Pangasius fillet in tomato-saffron sauce

Pangasius in tomato-saffron sauce

an easy and surprising oven dish with Pangasius fillet in tomato saffron sauce. This was served with a delicious polenta to make a great meal.
Pangasius fillet in tomato-saffron sauce
Pangasius fillet in tomato-saffron sauce

This Pangasius in tomato-saffron sauce is delicious and easy. My plan was to make a dish with fish and saffron, based on the fish availability in my local supermarket. As they were offering rebates on pangasius, I decided to use this catfish from South-East Asia.

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About pangasius

Pangasius, or panga fish, has its origins in South East Asia, in the Vietnamese Mekong delta. It belongs to the species of the large catfish and lives in the fresh and brackish waters of the Mekong delta.

Pangasius is not the most popular fish in the world. This negative image gave birth to other names to market this catfish in different regions. In America and Australia you might buy it as “basa fish”, “swai”, or “bocourti”. In the UK you might buy as cobbler.

Panga wars

As mentioned before, the name tag pangasius creates a lot of emotions and concerns about quality and sustainability. But where do these come from, and what is truth and fiction?

The so called panga wars, or the catfish dispute, goes back to a trade war between the US and Vietnam in the beginning of this century. Cheap Vietnamese imports were flooding the US markets and harming the catfish growers in the United States. Protectionist measures tried to protect American farmers: American Pangasius first so to say.

With different claims and measures import was prohibited and/or a negative image was created. It had to be sold under the name Basa and the label “made in Vietnam”. Dumping allegations were raised and alleged environmental concerns about the conditions in which the fish was grown and the farmers had to work were put into the spotlights.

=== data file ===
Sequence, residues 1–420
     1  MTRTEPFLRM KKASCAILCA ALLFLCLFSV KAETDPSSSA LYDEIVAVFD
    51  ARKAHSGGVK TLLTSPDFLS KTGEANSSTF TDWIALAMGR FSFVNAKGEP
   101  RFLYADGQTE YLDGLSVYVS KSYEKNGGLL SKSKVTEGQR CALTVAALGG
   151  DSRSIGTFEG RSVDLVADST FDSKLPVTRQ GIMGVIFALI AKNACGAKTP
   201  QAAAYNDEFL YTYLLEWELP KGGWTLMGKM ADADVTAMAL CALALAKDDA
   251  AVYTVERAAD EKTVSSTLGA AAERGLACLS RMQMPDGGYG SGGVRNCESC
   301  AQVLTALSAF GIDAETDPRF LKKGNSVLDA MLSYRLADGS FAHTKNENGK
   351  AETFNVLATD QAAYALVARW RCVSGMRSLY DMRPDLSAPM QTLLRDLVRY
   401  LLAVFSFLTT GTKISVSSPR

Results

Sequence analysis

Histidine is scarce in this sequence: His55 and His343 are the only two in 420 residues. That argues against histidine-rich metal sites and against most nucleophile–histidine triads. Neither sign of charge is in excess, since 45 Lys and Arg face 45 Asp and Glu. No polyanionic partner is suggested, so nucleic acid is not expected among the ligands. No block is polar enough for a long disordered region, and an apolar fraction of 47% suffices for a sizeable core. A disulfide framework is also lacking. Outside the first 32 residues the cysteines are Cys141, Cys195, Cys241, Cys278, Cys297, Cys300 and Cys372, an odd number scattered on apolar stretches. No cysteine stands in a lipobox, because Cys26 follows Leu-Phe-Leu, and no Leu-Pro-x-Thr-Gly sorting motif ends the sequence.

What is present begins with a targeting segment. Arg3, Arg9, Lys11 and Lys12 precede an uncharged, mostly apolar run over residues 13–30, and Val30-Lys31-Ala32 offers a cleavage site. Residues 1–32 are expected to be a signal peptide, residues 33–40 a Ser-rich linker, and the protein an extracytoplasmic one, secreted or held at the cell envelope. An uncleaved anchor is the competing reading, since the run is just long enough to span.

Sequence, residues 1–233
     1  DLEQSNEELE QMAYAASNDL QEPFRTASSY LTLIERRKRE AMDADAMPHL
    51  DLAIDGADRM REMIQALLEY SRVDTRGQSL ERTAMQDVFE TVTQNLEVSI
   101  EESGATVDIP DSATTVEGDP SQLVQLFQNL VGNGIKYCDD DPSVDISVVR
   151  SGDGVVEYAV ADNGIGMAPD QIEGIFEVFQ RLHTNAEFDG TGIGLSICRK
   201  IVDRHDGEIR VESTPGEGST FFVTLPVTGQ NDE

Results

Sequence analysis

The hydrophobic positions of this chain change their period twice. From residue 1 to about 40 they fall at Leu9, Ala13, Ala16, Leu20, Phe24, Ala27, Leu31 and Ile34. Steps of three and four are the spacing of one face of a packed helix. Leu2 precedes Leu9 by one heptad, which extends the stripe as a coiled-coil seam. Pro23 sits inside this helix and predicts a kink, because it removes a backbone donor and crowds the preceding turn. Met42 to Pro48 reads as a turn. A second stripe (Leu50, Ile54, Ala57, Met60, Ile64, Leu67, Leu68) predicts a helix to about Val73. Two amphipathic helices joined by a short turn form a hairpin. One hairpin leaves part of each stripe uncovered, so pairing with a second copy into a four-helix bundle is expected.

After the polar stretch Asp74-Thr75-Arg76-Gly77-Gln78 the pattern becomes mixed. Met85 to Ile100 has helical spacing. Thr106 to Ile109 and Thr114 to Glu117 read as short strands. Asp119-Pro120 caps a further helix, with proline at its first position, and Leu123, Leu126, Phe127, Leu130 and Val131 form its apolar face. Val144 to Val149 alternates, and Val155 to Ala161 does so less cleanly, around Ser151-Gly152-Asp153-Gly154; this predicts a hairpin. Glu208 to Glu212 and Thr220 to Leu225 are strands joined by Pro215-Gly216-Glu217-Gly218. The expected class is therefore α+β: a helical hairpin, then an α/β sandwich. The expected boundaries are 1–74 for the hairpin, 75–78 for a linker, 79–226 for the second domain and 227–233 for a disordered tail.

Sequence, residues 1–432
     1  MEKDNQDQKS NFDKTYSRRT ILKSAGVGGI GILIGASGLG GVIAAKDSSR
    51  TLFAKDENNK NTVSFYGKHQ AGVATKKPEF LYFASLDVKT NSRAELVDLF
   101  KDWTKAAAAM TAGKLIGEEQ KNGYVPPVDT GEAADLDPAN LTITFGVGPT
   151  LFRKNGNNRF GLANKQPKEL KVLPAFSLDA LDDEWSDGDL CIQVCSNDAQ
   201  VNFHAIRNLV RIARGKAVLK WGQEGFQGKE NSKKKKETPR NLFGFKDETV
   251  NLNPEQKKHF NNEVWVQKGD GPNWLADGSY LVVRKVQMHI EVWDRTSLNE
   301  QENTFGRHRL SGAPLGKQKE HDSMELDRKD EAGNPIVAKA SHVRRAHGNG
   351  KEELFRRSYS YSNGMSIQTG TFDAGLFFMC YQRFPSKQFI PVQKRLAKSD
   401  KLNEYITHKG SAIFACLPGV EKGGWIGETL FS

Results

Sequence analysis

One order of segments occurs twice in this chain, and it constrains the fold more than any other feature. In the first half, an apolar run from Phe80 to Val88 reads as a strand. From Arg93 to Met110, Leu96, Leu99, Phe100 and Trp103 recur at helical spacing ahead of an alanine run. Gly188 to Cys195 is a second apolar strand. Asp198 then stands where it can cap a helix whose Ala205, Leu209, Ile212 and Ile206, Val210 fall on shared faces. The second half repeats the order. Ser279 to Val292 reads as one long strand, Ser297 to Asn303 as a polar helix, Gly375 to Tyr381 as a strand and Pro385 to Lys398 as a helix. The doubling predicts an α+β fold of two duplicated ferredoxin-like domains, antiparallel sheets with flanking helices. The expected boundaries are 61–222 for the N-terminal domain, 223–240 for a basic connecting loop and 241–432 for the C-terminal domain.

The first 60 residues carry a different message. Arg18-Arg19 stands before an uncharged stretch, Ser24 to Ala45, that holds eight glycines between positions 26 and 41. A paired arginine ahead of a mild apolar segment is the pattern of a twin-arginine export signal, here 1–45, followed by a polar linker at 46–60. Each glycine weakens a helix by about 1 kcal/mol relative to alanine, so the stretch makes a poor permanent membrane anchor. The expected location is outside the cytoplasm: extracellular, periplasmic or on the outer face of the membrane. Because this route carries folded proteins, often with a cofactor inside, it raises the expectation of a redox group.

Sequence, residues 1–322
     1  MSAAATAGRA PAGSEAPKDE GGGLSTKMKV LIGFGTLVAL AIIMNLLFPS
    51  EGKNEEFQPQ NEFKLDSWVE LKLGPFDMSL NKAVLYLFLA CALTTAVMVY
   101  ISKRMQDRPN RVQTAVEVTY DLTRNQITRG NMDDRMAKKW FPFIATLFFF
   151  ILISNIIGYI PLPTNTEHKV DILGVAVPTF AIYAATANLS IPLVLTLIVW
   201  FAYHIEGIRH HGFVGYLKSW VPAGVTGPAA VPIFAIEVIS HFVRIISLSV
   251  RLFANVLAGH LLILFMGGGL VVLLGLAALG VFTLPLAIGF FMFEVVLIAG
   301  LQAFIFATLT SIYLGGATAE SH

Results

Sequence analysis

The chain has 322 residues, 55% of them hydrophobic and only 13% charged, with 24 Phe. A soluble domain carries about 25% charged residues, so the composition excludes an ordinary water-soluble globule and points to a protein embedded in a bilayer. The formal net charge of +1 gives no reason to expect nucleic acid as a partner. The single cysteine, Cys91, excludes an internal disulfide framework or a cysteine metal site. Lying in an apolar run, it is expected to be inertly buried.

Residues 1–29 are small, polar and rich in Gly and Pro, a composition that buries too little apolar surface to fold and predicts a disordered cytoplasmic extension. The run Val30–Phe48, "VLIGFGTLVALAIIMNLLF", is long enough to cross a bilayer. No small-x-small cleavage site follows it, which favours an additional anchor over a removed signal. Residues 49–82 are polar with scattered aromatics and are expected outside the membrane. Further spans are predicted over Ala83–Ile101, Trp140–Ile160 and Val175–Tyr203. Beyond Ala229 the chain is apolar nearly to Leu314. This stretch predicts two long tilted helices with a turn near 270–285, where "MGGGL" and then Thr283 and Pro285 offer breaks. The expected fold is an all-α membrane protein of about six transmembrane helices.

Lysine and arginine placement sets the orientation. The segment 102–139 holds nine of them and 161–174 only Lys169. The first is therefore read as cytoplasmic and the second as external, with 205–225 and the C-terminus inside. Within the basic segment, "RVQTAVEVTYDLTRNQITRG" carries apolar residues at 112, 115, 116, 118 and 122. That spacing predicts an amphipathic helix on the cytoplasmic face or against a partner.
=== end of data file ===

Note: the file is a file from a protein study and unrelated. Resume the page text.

About pangasius farming conditions

You may know the story that farmers raise pangasius in the dirty and polluted waters of the Mekong delta in Vietnam. Well, it is true that this is the natural habitat of this large catfish. However the farmers do not grow the fish in the river itself, but in separate waters outside the river. These meet the export standards for export in other regions. So different labels ensure that (European) standards with regards to labor, medicine usage and food are met European standards. But does this mean that there is no misuse? For sure not, but eating Pangasius is not per definition unhealthy and unethical.

More resources to inform yourself


If you speak Dutch, you can find the Dutch version of this recipe on

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